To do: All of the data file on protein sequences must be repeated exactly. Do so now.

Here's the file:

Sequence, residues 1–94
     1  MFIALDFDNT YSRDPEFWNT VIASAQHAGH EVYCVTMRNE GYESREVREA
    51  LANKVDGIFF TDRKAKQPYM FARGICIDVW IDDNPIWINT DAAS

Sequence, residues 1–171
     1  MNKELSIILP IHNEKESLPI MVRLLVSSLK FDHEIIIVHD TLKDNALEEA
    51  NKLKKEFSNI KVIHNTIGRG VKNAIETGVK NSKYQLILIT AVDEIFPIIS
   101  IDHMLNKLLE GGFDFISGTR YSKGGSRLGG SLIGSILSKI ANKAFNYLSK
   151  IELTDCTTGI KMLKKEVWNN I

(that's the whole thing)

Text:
Sequence, residues 1–94
     1  MFIALDFDNT YSRDPEFWNT VIASAQHAGH EVYCVTMRNE GYESREVREA
    51  LANKVDGIFF TDRKAKQPYM FARGICIDVW IDDNPIWINT DAAS

Sequence, residues 1–171
     1  MNKELSIILP IHNEKESLPI MVRLLVSSLK FDHEIIIVHD TLKDNALEEA
    51  NKLKKEFSNI KVIHNTIGRG VKNAIETGVK NSKYQLILIT AVDEIFPIIS
   101  IDHMLNKLLE GGFDFISGTR YSKGGSRLGG SLIGSILSKI ANKAFNYLSK
   151  IELTDCTTGI KMLKKEVWNN I